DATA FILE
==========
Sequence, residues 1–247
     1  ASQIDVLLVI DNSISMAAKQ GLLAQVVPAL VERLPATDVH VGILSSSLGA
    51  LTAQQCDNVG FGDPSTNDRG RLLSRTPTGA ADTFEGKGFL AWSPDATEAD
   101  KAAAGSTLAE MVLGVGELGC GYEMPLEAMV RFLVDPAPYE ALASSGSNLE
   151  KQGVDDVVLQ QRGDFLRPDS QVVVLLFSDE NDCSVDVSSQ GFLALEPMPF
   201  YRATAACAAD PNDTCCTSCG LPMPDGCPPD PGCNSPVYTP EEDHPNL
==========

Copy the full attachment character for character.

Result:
Sequence, residues 1–247
     1  ASQIDVLLVI DNSISMAAKQ GLLAQVVPAL VERLPATDVH VGILSSSLGA
    51  LTAQQCDNVG FGDPSTNDRG RLLSRTPTGA ADTFEGKGFL AWSPDATEAD
   101  KAAAGSTLAE MVLGVGELGC GYEMPLEAMV RFLVDPAPYE ALASSGSNLE
   151  KQGVDDVVLQ QRGDFLRPDS QVVVLLFSDE NDCSVDVSSQ GFLALEPMPF
   201  YRATAACAAD PNDTCCTSCG LPMPDGCPPD PGCNSPVYTP EEDHPNL